GRIZ GRIT: First Impressions of Pflugrad

By Beacon Staff

A change of regime – a head coaching change in this case – at the top of any organization ultimately requires a change in routine, focus and sometimes even personnel.

The tenure of new head football coach Robin Pflugrad at the helm of the University of Montana football program is no different.

And while he has enjoyed a lengthy and successful career in various capacities as a D-I football assistant, this is Plfugrad’s first opportunity to put his imprint on a program and incorporate what he’s learned in stops at Arizona State, Washington State and Oregon.

Those positions came since leaving Don Read’s UM staff after the 1994 campaign, after working with quarterbacks, running backs and wide receivers before being named assistant head coach for the final three years of his tenure.

Pflugrad, of course, returned to Missoula to join Bobby Hauck’s staff last season as the wide receivers’ coach.

And while it is his inaugural head job, it’s not for a lack of trying to gain the top position.

Pflugrad interviewed and reportedly was a leading contender both when Joe Glenn and Hauck were hired and beat out a strong contingent of applicants to secure the job this time around.

While the team’s offensive philosophy has yet to be revealed, suffice it to say when you have an All-American running back like Chase Reynolds, recently named to the Walter Peyton watch list, and a veteran returning senior quarterback like Andrew Selle, any coaching staff is going to get them the ball and let them perform.

But there is one thing for certain in the days before fall practice begins: players better be on their game, as the eyes of this veteran coaching staff expects nothing less than 100 percent focus, enthusiasm and performance.

That’s not to imply that wasn’t true of Hauck’s staff, but with a new group there are no givens and the price of poker has substantially increased.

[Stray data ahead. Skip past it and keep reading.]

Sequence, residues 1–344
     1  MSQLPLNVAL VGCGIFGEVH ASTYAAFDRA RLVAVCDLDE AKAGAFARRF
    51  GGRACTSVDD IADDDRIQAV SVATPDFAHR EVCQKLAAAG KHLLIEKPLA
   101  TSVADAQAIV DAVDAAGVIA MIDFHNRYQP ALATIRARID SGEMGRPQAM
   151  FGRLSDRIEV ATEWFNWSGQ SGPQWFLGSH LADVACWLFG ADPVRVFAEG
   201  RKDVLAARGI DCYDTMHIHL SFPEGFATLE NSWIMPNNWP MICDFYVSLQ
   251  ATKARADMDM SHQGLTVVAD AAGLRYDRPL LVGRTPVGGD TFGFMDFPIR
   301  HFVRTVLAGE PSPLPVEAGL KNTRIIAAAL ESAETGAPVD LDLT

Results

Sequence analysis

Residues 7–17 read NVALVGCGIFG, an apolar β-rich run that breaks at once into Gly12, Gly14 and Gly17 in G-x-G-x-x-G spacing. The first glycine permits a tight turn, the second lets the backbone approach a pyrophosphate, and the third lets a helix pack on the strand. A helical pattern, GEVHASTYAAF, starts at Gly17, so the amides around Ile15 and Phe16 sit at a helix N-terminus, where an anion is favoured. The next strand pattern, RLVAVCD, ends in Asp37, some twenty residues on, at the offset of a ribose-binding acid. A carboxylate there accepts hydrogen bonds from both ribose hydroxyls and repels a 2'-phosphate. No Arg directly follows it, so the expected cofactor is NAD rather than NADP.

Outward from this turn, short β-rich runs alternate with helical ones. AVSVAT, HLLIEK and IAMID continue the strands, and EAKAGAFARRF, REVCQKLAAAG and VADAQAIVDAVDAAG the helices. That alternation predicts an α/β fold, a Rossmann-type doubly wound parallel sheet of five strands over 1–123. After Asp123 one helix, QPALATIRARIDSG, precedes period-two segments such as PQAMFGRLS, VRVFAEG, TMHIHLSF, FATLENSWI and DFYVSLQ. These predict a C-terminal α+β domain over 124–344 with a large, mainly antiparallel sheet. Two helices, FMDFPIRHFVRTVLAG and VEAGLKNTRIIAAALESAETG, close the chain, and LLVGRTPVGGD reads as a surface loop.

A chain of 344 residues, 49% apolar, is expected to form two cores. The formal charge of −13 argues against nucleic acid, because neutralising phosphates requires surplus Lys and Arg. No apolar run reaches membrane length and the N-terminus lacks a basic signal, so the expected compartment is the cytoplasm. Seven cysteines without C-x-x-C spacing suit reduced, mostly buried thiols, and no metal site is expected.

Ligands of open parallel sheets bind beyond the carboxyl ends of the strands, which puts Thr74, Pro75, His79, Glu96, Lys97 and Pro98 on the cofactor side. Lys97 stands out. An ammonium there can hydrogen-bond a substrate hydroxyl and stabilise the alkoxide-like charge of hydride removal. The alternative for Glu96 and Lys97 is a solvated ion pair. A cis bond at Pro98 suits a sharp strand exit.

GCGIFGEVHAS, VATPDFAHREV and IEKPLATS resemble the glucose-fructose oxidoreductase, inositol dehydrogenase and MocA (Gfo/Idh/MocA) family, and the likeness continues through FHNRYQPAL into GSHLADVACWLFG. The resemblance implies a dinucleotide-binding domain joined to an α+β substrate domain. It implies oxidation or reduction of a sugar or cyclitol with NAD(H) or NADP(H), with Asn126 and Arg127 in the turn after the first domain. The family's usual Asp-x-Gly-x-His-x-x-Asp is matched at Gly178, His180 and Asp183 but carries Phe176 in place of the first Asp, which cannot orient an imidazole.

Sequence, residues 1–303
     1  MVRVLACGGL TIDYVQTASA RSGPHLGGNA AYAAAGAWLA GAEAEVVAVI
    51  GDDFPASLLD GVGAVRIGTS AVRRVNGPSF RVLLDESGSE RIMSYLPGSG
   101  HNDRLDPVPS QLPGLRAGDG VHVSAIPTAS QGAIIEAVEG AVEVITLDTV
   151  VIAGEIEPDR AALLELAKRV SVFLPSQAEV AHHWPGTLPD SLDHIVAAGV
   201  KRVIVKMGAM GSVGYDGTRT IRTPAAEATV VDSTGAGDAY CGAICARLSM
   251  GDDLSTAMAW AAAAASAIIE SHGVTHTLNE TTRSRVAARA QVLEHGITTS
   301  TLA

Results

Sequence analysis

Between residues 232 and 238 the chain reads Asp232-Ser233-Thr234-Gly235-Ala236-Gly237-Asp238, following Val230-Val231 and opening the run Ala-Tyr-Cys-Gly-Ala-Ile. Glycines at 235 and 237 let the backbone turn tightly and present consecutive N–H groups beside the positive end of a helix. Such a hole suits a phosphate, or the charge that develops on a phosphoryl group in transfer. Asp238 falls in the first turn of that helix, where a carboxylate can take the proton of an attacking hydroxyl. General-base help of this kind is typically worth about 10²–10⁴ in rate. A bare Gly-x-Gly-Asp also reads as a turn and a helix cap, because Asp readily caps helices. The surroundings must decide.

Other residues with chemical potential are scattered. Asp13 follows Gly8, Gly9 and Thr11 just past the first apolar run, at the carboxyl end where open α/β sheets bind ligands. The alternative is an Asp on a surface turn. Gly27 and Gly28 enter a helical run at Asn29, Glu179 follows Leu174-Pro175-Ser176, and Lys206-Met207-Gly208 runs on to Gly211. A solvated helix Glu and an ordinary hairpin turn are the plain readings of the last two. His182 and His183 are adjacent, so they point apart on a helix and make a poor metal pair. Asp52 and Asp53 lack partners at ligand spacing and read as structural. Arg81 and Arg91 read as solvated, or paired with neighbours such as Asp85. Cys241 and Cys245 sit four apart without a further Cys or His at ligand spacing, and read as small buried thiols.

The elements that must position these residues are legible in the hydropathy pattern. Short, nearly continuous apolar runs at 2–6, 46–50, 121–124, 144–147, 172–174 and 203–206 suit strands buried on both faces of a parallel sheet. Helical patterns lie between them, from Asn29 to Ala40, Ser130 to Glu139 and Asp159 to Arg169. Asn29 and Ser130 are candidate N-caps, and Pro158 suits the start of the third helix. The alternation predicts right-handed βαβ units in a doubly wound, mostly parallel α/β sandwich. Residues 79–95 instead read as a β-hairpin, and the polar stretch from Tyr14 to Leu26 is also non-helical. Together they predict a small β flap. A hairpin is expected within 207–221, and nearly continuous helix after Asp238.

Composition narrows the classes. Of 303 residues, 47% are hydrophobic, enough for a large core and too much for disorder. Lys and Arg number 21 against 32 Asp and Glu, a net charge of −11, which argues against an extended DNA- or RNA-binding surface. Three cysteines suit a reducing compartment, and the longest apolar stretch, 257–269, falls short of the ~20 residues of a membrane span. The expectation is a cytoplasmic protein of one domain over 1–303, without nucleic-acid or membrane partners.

After spring practice there were a dozen or so scholarship players who either were encouraged to take their wares elsewhere or who took the cue themselves and left the program.

Part of that I’m told by a senior member of the coaching staff was the increased tenor of practice, which focused on complete attentiveness and game-type speed with little chance of taking a play off.

And as with any change, some players either didn’t like it, saw the writing on the wall as far as playing time was concerned or even didn’t like the manner of their position coach.

Of course, players leaving the program opened up additional scholarships which enabled the program to attract some D-I dropdowns, who rules now require to have two years of eligibility remaining, and junior college transfers, who may have needed summer school to complete their associate degrees and qualify through the NCAA Clearing House.

Some of the transfers will be called upon to immediately contribute and ply for starting roles while others will back up at key positions as they work their way into the program.

One thing is for certain, with road games against Cal Poly and Eastern Washington in two of the first three weeks, this is a national runner-up program that needs to hit the ground running with little time for adjustment.

The bar is set high as are expectations and anticipations. So let Plfu Time begin.